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author
organization
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Contribution to journal
publication status
published
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in
SpringerPlus
volume
2
issue
1
publisher
Springer
external identifiers
  • pmid:23419954
  • scopus:84876573284
  • wos:000209461900004
ISSN
2193-1801
DOI
10.1186/2193-1801-2-4
language
English
LU publication?
yes
id
16935779-6a57-4e16-b69a-d89e5987d224 (old id 3559629)
alternative location
http://www.ncbi.nlm.nih.gov/pubmed/23419954?dopt=Abstract
date added to LUP
2013-03-04 13:28:41
date last changed
2019-01-06 07:36:45
@article{16935779-6a57-4e16-b69a-d89e5987d224,
  abstract     = {BACKGROUND: Cluster headache is a primary headache by definition not caused by any known underlying structural pathology. However, symptomatic cases have been described, e.g. tumours, particularly pituitary adenomas, malformations, and infections/inflammations. The evaluation of cluster headache is an issue unresolved. CASE DESCRIPTION: We present a case of a 43-year-old patient who presented with a 2-month history of side-locked attacks of pain located in the left orbit. He satisfied the revised International Classification of Headache Disorders criteria for cluster headache. His medical and family histories were unremarkable. There was no history of headache. A diagnosis of cluster headache was made. The patient responded to symptomatic treatment. Computer tomography and enhanced magnetic resonance imaging after 1 month displayed a supra- and intrasellar arachnoid cyst with mass effect on adjacent structures. After operation, the headache attacks resolved completely. DISCUSSION AND EVALUATION: Although we cannot exclude an unintentional comorbidity, in our opinion, the co-occurrence of an arachnoid cyst with mass effect with unilateral headache, in a hitherto headache-free man, points toward the fact that in this case the CH was caused or triggered by the AC. The headache attacks resolved completely after the operation and the patient also remained headache free at the follow-up. The response of the headache to sumatriptan and other typical CH medications does not exclude a secondary form. Symptomatic CHs responsive to this therapy have been described. Associated cranial lesions such as tumours have been reported in CH patients and the attacks may be clinically indistinguishable from the primary form. CONCLUSIONS: Neuroimaging, preferably contrast-enhanced magnetic resonance imaging should always be considered in patients with cluster headache despite normal neurological examination. Late-onset cluster headache represents a condition that requires careful evaluation. Supra- and intrasellar arachnoid cyst can present as cluster headache.},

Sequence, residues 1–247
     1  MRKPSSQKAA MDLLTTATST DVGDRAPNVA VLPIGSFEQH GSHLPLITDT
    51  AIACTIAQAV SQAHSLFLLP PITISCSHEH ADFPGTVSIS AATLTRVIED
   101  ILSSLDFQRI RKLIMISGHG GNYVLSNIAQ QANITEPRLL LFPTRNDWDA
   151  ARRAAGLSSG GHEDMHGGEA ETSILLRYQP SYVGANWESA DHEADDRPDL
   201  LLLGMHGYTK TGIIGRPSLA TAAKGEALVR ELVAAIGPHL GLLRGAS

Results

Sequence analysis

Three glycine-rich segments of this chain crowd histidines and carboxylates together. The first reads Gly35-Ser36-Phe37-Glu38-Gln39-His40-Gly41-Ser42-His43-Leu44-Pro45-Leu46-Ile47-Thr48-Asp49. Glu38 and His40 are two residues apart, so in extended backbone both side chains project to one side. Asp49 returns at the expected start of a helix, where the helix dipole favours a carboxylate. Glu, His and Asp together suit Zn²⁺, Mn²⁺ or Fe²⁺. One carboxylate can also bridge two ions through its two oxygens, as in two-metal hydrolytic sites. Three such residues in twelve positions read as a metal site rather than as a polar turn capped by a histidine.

articleno    = {4},
  author       = {Edvardsson, Bengt and Persson, Staffan},
  issn         = {2193-1801},
  language     = {eng},
  number       = {1},
  publisher    = {Springer},
  series       = {SpringerPlus},
  title        = {Cluster headache and arachnoid cyst.},
  url          = {http://dx.doi.org/10.1186/2193-1801-2-4},
  volume       = {2},
  year         = {2013},
}